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It Takes a Community to Raise a Journal – Call for Action and Papers in Scholarly Publishing

7th July 2015
By Adrian Stanley

Having served as an ad hoc peer reviewer and author of several scholarly publishing articles, and being a staunch supporter and long term volunteer for the Association of Learned and Professional Society Publishers (ALPSP), I am honored now to serve on the Learned Publishing (LP) Editorial Board as an Associate Editor under the watchful stewardship of Pippa Smart, LP’s Editor in Chief.

Learned PublishingI always enjoy peer reviewing articles, not just because the experience provides an opportunity to share your time and expertise with the scholarly community, but more importantly it provides exposure to interesting and cutting edge subjects within one’s area of interest (global research/publishing and publishing technologies on my end). The chance to offer input and feedback, and in many cases to help improve and develop articles and scholarly thinking is energizing and stimulating. Connecting the dots between new research and practical examples of publisher cases/industry learning, while also developing a keen understanding of what message the author is presenting is infinitely rewarding, and in numerous cases has developed lasting relationships with authors. This experience is so valuable to expand your knowledge base and create new relationships. I strongly encourage all of you to consider a volunteer position within industry/member organizations such as SSP, ALPSP, STM, ISMTE, EASEUKSG, ORCID or CSE, whether it is helping plan annual meetings, utilizing your marketing and social media skills to help promote events and articles, and/or networking with peers to increase collaboration and understanding. These experiences are mutually beneficial and worthwhile in ways that may not be realized for years to come.

CommunityAnyway, I digress, as I embark on my new volunteer assignment as Associate Editor for Learned Publishing, I’m hoping to solicit the support of colleagues and peers within the industry to help elevate the Learned Publishing Journal, a true industry centerpiece and vital resource for all in the scholarly publishing community.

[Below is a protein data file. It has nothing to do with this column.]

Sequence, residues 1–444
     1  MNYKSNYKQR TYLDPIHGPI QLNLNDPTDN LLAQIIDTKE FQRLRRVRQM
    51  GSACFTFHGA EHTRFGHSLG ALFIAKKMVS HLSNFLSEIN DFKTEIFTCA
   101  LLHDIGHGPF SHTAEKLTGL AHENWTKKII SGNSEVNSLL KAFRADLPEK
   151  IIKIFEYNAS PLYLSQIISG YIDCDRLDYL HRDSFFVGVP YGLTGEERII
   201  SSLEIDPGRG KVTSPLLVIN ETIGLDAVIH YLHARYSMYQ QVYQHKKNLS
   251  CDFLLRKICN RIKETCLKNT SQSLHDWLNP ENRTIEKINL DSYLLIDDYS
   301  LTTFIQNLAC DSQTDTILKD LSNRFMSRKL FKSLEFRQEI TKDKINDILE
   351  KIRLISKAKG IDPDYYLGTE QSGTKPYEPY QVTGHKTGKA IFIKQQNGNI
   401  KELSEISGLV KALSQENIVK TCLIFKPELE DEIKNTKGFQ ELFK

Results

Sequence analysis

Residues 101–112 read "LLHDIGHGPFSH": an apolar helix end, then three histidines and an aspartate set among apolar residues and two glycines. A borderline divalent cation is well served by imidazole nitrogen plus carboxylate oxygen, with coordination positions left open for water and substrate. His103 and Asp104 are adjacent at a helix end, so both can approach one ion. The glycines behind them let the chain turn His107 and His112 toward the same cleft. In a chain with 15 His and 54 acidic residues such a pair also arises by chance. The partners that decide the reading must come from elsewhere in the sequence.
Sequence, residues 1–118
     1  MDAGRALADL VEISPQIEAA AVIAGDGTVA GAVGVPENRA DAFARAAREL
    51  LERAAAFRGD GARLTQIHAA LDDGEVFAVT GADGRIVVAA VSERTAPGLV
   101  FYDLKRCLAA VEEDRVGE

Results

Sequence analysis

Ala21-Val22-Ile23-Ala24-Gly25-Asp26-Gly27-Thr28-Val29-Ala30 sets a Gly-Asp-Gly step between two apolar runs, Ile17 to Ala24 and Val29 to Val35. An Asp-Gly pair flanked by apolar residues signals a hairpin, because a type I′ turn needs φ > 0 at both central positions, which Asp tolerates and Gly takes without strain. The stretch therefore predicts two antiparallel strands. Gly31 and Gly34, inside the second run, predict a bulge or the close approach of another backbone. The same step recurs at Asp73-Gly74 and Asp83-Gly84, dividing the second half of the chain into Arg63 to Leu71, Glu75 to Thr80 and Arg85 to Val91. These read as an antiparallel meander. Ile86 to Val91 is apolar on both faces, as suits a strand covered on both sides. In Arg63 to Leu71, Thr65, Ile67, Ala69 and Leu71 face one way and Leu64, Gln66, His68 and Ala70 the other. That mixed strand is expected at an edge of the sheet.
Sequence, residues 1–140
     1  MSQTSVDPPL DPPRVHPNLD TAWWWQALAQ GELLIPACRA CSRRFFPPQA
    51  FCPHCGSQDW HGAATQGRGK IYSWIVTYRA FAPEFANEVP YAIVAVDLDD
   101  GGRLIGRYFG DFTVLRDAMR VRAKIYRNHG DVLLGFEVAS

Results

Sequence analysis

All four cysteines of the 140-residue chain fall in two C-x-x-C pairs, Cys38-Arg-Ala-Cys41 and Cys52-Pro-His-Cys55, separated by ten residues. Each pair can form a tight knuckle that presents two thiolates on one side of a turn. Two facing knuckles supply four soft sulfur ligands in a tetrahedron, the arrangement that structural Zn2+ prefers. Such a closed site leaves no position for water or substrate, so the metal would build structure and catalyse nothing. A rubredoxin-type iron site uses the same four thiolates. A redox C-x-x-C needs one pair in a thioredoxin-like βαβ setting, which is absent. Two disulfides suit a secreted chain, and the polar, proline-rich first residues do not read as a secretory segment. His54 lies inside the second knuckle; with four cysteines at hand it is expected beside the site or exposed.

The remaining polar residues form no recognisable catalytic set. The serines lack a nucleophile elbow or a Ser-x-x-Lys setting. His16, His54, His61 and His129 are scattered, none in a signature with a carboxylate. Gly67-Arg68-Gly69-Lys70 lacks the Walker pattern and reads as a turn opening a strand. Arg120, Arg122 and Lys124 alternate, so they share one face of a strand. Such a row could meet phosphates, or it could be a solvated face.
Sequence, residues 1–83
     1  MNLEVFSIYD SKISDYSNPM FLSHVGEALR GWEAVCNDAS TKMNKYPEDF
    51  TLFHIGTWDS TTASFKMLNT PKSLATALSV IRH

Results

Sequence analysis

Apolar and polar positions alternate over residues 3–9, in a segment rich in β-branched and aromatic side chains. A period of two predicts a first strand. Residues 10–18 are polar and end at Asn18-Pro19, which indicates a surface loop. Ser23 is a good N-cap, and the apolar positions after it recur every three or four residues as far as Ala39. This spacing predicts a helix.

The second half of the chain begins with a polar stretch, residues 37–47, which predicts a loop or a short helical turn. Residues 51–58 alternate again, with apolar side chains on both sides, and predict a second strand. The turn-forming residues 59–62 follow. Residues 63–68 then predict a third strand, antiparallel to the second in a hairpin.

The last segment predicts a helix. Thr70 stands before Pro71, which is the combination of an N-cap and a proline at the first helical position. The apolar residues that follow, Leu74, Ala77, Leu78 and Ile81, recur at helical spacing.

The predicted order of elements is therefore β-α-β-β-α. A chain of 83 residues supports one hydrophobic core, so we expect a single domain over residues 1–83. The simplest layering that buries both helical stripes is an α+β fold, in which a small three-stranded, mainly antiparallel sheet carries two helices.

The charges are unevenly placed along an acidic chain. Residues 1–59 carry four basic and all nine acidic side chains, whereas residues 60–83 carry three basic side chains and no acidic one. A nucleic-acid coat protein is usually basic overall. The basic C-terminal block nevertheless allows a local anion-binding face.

With that in mind, and a rallying cry hopefully ringing out, here’s the charge and task that I, and also fellow industry experts and Associate Editors such as Charlie Rapple, Lettie Conrad and Judy Luther are charged with:

  • Encourage colleagues and peers (yes that’s you) to submit articles
  • Suggest interesting articles, topics, and authors – either to me or the Editor
  • Promote the journal through personal and professional networks, including social media and at meetings (I’ll be tweeting and supporting key articles, such as the recent one on Project CRediT that Amy Brand co-authored).
  • Contribute to the journal development strategy – including suggesting changes and helping to plan new developments.

And for those not aware of Learned Publishing, here are a few quick facts:

  • Articles on all aspects of publishing, from authorship, reviewing, technology, marketing and discoverability, new initiatives, readership, data, to internationalization, and innovative articles with challenging viewpoints
  • A range of article types including research articles, case studies, industry updates and opinion pieces
  • Quarterly publication, in print and online, with fully international authorship
  • Distributed to all ALPSP members and free to view online for all SSP (Society for Scholarly Publishing) members – and available to everyone else for subscription
  • Hybrid OA – AuthorChoice available, license to publish, authors retain copyright
  • Open/blinded review – authors/reviewers select, and rapid time to publish
  • Twitter feed: @LearnedPublish

So with that in mind, please do feel free to share your thoughts, comments, and contributions … I’d personally love to see cross stakeholder collaboration and co-authored articles that cover broad and deep emerging topic areas such as metrics, data publishing and new technologies that are important to the whole scholarly publishing ecosystem. I do believe the journal can be a show case and testing ground for the model publication.

As the saying goes, it takes a community to raise a journal!

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